At this point, I’m realizing that although we were only stopped for about 15 minutes, I didn’t want to take any chances with missing our flight, so we needed to be extra careful. However, we get about 5 km down the road and more police pull us over. We go back and forth with them again, telling them we don’t have any money and they eventually let us go.

Big sigh of relief on our parts…but then it happens again. Yep, we get another 5 km and this time there is a road block. They let some cars go through, but once they see our car with 2 white people in it, we immediately get told to stop. This was probably the most frustrating, challenging, funny and scary time we got pulled over. There was a major language barrier this time, handcuffs and automatic weapons involved and lots of confusion. The police seemed very confused when we said we were all friends and were questioning why we weren’t married. Then, there was some talk that the guys were film stars. It was all very, very bizarre. Again, they tried to scare us with threats of going to jail, handcuffs and the gun if we didn’t give them money. We told them we didn’t have anything because we had already been stopped 2 times and had given our money away. This went on for awhile and then it’s like all of a sudden they realized they weren’t going to get any money out of us, so they became friendly, smiled, wished us a good night and sent us on our way. So bizarre.

We made it to a toll about 5 km away without getting stopped, then another 25 km to the South African border. I was never so happy to see a border in my life! I knew we were still probably ok on time and making our flight, but I was starting to get slightly nervous. Luckily, since it was the middle of the night, the border was super easy to cross and then with little traffic, we made it to Johannesburg to drop off the rental car and check in to our flight with time to spare!

Next up: Botswana!


Muizenberg: Hang Ten

It’s finally starting to warm up slightly, so thought it’d be a perfect opportunity to head to the beach.

I don’t think I talked about it before, but let me explain Cape Town weather to you briefly. In one word: Unpredictable. So I knew coming here in August, it would be winter, but didn’t exactly know the true definition of Cape Town winter. Winter = temps in the 40s and 50s with rain, lots and lots of rain, plus strong wind gusts. Until this past week, there were no more than 2 days in a row without rain…and I’m not exaggerating. Many mornings it would start out sunny, but out of nowhere the rain would start to pour. I can’t remember how many downpours I’ve gotten caught in so far.

Another issue with winter is that most houses and offices don’t have heat. So 40 or 50 degrees doesn’t sound that cold, but when it also feels that cold when you’re inside trying to relax at home, it gets old fast. I will admit that I get cold very, very easily, but I don’t think I’m exaggerating here. I met a man who is from South Africa, but lived in Connecticut for several years. He made me feel like I wasn’t crazy for being cold all the time because he said that he generally feels colder here in South Africa than he did in Connecticut because of the lack of heat in many places here.

So needless to say I’m happy that it’s officially spring here, there are days without rain and I can walk around without a coat on. Although there are several beaches around Cape Town, Muizenberg is one of the more popular destinations. It’s rather popular for being a prime surfing location. On the particular day that I was in Muizenberg the Earthwave Beach Festival was taking place. Hundreds of surfers were in the water to attempt to break the Guinness World Record for the most surfers to surf 1 wave.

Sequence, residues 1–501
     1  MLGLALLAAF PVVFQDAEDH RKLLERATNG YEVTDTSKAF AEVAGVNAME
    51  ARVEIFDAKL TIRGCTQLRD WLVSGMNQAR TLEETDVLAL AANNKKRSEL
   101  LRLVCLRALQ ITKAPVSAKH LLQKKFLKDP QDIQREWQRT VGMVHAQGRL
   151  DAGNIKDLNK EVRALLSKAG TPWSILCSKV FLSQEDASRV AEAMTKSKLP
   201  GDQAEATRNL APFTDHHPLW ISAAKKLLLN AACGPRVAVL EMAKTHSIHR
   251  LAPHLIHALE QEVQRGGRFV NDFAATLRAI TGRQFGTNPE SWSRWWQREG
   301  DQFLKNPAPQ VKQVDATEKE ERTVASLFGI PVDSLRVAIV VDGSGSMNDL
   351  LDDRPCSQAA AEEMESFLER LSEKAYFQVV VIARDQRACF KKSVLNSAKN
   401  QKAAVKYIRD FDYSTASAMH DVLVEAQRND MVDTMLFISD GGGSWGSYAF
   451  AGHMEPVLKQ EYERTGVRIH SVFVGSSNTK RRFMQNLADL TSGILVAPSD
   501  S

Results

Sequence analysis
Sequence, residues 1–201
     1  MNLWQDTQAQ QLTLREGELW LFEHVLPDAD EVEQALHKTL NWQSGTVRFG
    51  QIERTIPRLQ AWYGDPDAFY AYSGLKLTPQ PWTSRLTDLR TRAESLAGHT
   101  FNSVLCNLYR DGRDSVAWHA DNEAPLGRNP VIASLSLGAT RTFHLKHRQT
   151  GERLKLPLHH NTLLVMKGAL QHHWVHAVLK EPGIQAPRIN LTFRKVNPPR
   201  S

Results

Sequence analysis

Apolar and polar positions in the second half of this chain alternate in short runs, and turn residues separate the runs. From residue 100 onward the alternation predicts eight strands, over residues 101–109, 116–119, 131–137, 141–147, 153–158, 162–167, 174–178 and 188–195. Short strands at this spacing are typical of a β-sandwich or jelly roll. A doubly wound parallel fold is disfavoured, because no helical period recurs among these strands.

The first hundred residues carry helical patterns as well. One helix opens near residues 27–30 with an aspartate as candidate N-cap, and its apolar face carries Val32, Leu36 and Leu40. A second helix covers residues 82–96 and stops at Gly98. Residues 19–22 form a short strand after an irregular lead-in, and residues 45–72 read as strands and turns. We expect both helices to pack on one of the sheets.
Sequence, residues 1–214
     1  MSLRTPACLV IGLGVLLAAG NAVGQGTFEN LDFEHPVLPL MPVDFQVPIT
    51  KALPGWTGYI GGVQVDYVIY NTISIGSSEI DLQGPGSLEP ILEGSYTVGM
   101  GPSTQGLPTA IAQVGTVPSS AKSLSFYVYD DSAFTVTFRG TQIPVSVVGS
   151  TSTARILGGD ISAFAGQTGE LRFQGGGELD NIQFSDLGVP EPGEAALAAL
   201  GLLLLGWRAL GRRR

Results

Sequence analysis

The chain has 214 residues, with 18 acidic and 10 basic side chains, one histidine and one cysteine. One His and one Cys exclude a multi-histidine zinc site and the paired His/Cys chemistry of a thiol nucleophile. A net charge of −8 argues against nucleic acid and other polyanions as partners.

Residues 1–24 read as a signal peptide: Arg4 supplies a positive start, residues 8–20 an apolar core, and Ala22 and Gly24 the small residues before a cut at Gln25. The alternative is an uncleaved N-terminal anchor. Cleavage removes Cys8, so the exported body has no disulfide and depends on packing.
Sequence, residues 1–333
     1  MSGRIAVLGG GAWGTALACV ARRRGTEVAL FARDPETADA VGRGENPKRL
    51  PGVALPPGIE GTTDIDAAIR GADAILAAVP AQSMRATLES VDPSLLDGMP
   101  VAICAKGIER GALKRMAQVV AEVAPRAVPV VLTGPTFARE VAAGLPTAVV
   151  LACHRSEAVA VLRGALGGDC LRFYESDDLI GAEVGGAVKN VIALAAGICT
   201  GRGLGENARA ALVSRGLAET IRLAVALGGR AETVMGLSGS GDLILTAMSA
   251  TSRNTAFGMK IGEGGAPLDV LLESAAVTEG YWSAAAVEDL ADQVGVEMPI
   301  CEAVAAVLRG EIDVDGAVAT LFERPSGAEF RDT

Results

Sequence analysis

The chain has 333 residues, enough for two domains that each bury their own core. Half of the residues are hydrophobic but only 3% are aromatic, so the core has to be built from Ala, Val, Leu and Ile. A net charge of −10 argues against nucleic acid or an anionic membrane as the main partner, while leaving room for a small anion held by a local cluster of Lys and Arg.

About 150-200 surfers were in the water, which was a cool sight to see itself. The surfers were old, young, black, white, male, and female, so it was definitely an event for everyone. They would all line up in the distance, while the announcer would give them instructions. There was someone watching from afar near the mountains to monitor the waves. When that person deemed that a good wave was coming, the announcer would ready the surfers, give them instructions and tell them to start paddling. Some rounds were a lot more successful than others, but it was still fun to watch. I’m unsure if the record was broken (which I think is 110) because they use photo and video after the event to count the number of people on the wave to find out if the record was broken. Even if the record wasn’t broken, it was a fun day and I highly recommend heading to Muizenberg if you’re in Cape Town during the spring or summer. There are plenty of surfing schools in the area, to pick up a surfing lesson or 2!






















Mwen renmen Ayiti! (I love Haiti)


As mentioned before, I do volunteer medical work in Haiti. I’ve been 2 times previously and just recently I went for a 3rd time. It was another amazing week and I fell in love with the country all over again. The organization I volunteer with has established a good relationship with several Port Au Prince communities and organizations in which we are able to provide medical care every few months. We also are able to employ the same group of translators and public health advocates during each trip. I feel this is an important aspect of the organization as the unemployment rate in Haiti is so high and it’s important to help employ people to stimulate the local economy. We were able to see anywhere between 100 and 150 patients per day and provide basic medical care and medical screenings that many people are unable to afford.

Outside of the medial work, I was able to see a little more of Port Au Prince. I almost feel at home there, even through the language barrier, everyone is so welcoming and helpful. The only way I can describe the center of Port Au Prince is imagine NYC with even more people, worse traffic with no traffic laws and hundreds of people lining the streets trying to sell goods.

Outside of the hustle and bustle of Port Au Prince there are beautiful beaches and scenery. We were able to go to the beach this trip and it’s some place I hope to return in the near future. The views were breath taking.

I also read an interesting article recently about Haiti’s need for a tourism makeover. There aren’t nearly enough hotels in Port Au Prince as compared to its neighbor, the Dominican Republic. This is something that desperately needs to be addressed in the country. I have heard even more wonderful things about the landscape in other cities outside of Port Au Prince near the water that I hope I’m able to explore one day. Although I know most people aren’t putting Haiti at the top of their travel destination list, it is a country with wonderful food, people and scenery if you take the time to recognize the positive side of the country.